Chronic alcohol exposure and oxidative stress
Chronic alcohol abuse is one of the most important risk factors for a type of lung injury called acute respiratory distress syndrome. Previous studies have shown that alcohol abuse causes significant oxidative stress within the alveolar space and impairs both alveolar epithelial cells and macrophages.189 This alcohol-induced lung dysfunction is attenuated through treatment with glutathione precursors, 190 and glutathione depletion in the alveolar space is associated with oxidative stress and alveolar macrophage dysfunction.191 Alveolar macrophages play an indispensable role in innate and acquired immunity, and the ability of alveolar macrophages to bind and internalize pathogens is impaired through chronic alcohol ingestion.192 The expression of NOX2 in alveolar macrophages is the main source of ROS generation in the lungs.193 The ligation of peroxisome proliferator-activated receptor gamma regulates NOX2 expression in the lungs following chronic alcohol ingestion.194 In addition, chronic alcohol ingestion reduces the level of the antioxidant glutathione in BAL fluid through the augmentation of the activity of the renin-angiotensin system.195 Of the two classes of angiotensin, angiotensin II stimulates NOX2 expression and induces intracellular oxidative stress. Because renin-angiotensin system regulates the level of antioxidant glutathione after chronic alcohol ingestion, the use of renin-angiotensin system inhibitors, such as lisinopril, prevents ethanol-induced glutathione depletion and provides protection against epithelial dysfunction.196 Alcohol abuse is also correlated with bacterial pneumonia, as alcoholic patients are more prone to Klebsiella pneumoniae infections than non-alcoholic patients.197 In addition, chronic alcohol abuse augments the colonization of the mouth and pharynx by Gram-negative bacteria.198 Considering the deleterious effects of alcohol abuse on the entire airway from the mouth to the alveolus, the overlapping risk for pneumonia and lung injury is not surprising.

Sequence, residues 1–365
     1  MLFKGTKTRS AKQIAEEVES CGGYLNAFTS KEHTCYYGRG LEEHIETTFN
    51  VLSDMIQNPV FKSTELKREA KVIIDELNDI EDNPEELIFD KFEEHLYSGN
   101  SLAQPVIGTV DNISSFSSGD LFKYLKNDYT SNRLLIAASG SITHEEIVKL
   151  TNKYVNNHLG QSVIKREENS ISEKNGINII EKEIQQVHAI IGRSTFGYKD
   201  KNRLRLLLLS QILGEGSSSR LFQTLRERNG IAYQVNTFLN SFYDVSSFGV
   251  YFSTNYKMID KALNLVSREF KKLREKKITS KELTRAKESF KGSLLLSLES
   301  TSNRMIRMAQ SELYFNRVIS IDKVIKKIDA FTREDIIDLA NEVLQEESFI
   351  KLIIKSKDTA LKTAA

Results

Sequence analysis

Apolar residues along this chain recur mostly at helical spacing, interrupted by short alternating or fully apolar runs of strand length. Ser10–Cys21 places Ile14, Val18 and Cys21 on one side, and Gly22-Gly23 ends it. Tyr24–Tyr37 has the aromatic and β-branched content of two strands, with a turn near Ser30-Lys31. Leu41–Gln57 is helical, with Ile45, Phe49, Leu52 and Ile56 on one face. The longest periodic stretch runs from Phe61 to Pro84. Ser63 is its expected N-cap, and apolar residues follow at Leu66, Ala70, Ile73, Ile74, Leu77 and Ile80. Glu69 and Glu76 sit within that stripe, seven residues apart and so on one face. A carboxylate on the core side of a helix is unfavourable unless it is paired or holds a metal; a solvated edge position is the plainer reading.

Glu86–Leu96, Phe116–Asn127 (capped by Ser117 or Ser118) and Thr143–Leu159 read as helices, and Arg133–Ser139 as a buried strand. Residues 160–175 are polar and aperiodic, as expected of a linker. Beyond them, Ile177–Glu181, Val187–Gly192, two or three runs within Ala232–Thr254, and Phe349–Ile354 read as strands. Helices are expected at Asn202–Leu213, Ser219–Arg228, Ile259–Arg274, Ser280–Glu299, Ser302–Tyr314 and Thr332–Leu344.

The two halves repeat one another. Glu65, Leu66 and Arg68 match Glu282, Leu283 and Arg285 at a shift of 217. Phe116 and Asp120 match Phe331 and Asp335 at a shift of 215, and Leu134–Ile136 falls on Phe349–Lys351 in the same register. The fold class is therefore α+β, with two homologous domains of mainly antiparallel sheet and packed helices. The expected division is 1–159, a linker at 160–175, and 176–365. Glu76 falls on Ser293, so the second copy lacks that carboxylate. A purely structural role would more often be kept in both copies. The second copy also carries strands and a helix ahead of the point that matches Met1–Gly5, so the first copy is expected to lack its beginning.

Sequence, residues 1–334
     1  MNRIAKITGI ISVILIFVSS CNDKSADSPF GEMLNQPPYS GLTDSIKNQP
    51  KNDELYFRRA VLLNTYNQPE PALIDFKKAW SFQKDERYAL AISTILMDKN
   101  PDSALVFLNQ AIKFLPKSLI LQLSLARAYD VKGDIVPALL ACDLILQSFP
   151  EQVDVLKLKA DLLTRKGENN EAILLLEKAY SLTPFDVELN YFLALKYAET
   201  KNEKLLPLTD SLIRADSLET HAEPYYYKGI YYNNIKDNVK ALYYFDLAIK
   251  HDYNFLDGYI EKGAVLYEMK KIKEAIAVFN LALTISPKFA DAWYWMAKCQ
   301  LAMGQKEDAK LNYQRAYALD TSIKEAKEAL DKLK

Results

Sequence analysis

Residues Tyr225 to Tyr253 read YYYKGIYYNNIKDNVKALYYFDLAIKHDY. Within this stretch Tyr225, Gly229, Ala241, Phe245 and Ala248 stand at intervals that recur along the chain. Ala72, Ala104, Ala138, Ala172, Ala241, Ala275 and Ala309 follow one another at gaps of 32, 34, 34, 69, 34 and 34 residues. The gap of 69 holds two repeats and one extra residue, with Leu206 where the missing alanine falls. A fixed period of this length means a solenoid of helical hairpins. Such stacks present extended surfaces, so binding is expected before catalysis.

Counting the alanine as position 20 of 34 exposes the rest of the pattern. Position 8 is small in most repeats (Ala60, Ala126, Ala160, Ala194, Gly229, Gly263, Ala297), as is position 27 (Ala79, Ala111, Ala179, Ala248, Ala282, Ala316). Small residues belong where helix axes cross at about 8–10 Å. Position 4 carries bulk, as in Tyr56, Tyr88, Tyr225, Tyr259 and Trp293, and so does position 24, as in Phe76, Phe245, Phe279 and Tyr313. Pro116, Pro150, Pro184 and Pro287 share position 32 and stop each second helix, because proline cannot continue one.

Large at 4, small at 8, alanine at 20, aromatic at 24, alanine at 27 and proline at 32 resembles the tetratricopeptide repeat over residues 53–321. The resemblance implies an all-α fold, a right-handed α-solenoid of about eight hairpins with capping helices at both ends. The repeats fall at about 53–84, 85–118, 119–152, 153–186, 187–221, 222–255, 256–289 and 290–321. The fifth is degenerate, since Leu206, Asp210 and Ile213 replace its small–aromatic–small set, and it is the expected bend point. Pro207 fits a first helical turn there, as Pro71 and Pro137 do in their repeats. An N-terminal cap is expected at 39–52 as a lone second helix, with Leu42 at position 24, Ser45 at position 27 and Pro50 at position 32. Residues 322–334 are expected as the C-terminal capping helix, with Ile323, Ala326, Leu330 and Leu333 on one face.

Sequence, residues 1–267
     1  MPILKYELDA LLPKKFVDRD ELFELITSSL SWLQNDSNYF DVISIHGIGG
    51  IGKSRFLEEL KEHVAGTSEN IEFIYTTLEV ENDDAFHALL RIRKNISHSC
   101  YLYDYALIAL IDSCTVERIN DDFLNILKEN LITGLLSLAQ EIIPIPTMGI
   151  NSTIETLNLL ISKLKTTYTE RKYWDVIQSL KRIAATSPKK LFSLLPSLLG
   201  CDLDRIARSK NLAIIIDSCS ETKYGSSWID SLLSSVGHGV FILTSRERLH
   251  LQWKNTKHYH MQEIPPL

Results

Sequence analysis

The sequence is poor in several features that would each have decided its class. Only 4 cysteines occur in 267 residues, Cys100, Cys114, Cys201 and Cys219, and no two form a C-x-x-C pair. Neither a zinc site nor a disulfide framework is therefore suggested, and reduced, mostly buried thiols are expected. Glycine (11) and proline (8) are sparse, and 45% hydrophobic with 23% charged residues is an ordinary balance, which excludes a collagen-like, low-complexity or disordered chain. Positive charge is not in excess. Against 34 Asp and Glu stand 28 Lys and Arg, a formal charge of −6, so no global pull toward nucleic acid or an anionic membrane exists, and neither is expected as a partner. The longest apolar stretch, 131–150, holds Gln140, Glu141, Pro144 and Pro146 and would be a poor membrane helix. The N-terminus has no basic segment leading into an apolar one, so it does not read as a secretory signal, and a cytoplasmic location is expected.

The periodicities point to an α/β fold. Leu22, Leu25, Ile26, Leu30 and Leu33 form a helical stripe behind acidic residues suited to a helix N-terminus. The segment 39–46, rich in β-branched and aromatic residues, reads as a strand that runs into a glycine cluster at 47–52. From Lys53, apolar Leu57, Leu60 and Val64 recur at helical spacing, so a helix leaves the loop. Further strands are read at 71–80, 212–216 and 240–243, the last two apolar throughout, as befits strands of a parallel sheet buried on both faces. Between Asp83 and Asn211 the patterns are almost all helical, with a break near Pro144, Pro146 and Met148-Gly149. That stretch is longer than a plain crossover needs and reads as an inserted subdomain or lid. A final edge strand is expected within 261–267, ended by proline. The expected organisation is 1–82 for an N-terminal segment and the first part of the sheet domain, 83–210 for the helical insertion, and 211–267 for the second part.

Alcohol exposure also negatively affects the liver, with fibrosis and cirrhosis being major histological features.199 Alcohol increases the gut permeability to bacterial endotoxins, leading to the activation of resident hepatic macrophages and Kupffer cells through the induction of NOX1 and NOX2 ROS production in response to endotoxins.200,201 The chronic ethanol treatment of wild-type or p47phox knockout mice with severe liver injury resulted in detectable free radical production and NF-κB activation only in the wild-type group, therefore, p47phox might be a potential therapeutic target for alcohol-induced liver injury. These findings suggest that the oxidants generated through NOX, most likely derived from Kupffer cells, play an important role in alcohol-induced liver injury.199
Vascular disorders: role of NOXs/innate immunity/Rac